BY his own admission a neurotic gambler who suffered from the jitters at the betting windows, Len Ragozin, founder of The Sheets, is nevertheless one of the most pioneering and influential handicappers (tipsters) in America, writes MARK VAN DEVENTER.

A maverick denizen of New York’s bohemian Greenwich Village, he built up a reputable turf advisory business, ran his own racing stable and partnered successfully with sharp bettor, Len Friedman to become a wealthy man through racing.

Ragozin (photo) is now a widely respected old sage but was initially seen as a controversial character who’d been stirring things up since the 1950’s due to his revolutionary theories about racing, left- leaning Marxist political views and support of anti- war protest groups opposed to the Vietnam conflict.

An assertive character, (some would say, arrogant,) Ragozin’s haughty demeanour could be off-putting to his detractors. Ultimately though, many of the important handicapping theories this Harvard grad with an I.Q. of 170 + stood for, have since been vindicated, particularly his insights into condition handicapping or pattern recognition.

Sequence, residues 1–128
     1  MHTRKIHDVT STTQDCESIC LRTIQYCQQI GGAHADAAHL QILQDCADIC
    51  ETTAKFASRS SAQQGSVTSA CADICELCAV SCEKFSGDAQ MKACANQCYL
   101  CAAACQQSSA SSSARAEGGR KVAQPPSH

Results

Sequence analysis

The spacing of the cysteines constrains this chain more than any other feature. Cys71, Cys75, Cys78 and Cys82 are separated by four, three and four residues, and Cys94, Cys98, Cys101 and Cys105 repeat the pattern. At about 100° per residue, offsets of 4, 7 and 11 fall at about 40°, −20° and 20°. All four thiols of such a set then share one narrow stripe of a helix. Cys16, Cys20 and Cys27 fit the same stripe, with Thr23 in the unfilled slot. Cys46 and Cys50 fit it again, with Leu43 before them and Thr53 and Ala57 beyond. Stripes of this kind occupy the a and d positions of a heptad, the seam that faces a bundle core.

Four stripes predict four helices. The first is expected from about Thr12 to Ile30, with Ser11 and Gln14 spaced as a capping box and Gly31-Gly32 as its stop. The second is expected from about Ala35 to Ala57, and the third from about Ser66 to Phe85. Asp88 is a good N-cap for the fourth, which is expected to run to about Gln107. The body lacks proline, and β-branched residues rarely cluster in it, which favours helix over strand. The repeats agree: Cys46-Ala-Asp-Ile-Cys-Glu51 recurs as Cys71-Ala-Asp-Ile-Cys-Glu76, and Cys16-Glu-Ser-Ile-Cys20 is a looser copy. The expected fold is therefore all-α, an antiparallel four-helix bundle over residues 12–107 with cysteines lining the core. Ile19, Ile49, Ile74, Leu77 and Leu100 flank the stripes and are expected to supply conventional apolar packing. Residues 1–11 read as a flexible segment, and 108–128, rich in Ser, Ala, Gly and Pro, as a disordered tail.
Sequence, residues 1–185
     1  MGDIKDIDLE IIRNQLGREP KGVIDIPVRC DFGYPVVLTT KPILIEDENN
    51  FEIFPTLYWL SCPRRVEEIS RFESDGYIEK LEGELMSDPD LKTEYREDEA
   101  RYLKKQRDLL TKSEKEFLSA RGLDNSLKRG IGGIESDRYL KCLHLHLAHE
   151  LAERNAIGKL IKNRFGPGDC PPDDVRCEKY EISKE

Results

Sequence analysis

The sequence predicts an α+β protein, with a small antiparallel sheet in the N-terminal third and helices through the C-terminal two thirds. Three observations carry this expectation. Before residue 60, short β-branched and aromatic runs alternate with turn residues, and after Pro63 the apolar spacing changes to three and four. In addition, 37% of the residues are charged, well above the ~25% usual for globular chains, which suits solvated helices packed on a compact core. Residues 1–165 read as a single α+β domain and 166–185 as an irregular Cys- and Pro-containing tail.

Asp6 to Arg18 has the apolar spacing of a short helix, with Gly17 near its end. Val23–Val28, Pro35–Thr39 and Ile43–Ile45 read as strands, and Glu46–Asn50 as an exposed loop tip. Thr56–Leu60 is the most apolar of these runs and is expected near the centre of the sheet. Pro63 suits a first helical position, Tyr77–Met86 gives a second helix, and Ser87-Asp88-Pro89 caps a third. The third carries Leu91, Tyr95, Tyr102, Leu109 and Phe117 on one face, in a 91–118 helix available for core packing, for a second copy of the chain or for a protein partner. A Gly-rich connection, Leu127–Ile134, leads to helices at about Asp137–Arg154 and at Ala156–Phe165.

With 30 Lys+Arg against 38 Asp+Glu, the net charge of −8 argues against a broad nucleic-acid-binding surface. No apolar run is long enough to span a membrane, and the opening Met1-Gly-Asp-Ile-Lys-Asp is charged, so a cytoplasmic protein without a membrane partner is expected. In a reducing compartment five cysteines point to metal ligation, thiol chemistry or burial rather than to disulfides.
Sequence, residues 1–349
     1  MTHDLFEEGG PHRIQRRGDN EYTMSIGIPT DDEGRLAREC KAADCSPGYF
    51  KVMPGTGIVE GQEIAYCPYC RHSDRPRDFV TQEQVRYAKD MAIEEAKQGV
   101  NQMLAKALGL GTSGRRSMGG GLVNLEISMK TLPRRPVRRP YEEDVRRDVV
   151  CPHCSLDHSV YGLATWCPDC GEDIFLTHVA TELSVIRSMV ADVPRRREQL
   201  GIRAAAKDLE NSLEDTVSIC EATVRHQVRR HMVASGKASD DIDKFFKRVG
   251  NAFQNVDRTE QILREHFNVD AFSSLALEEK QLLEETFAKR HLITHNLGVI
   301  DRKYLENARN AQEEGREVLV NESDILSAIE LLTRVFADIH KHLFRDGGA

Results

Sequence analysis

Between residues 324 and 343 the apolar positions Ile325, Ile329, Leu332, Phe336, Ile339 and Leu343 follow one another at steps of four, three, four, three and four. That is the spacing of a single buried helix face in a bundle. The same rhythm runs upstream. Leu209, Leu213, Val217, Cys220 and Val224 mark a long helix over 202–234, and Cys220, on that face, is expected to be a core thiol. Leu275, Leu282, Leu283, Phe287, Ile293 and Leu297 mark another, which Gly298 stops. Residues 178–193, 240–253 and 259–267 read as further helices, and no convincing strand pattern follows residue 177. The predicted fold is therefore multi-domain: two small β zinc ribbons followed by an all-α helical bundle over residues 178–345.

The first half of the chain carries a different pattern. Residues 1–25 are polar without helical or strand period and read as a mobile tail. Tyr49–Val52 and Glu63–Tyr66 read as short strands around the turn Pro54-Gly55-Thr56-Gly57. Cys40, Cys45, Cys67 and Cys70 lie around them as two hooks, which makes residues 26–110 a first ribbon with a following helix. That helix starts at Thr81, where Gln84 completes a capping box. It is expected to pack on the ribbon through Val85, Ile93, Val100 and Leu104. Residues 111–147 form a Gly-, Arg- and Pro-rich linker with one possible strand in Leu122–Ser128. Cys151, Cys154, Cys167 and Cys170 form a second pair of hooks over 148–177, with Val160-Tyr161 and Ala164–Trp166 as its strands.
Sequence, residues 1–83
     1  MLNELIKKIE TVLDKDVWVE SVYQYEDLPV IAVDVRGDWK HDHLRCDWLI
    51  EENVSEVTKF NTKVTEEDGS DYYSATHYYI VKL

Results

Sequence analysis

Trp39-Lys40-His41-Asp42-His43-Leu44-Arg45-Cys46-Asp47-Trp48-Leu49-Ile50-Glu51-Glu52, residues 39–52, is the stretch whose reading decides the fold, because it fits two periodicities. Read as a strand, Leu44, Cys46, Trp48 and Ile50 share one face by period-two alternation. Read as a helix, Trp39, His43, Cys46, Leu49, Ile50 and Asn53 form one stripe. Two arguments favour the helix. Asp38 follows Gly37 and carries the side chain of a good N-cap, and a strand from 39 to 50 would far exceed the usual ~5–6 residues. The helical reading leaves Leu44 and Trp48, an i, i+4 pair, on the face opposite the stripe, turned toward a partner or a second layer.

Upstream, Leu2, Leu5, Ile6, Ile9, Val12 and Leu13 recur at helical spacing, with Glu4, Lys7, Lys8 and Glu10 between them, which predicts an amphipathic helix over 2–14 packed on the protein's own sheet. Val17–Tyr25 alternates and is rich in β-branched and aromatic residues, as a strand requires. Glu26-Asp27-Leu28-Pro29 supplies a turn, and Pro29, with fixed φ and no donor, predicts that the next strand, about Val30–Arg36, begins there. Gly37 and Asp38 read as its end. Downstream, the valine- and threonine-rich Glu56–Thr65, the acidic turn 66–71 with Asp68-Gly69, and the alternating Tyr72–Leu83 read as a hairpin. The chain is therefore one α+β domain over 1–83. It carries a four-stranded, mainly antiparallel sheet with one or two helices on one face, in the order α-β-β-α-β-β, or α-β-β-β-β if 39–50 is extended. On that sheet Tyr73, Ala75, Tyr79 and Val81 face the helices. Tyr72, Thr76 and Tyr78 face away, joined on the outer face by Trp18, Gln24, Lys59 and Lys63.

Underpinning his research, are accurately crafted speed figures. Most racing jurisdictions base analysis on class and weight handicapping – South Africa being a case in point having copied methods that work well in Britain and Europe.

Like many American form experts, Ragozin preferred to use recorded race  times as the crucial gauge of thoroughbred merit, juggling arcane calculations to measure the effort put forth by any horse at any circuit in America, after factoring in his proprietary track variants.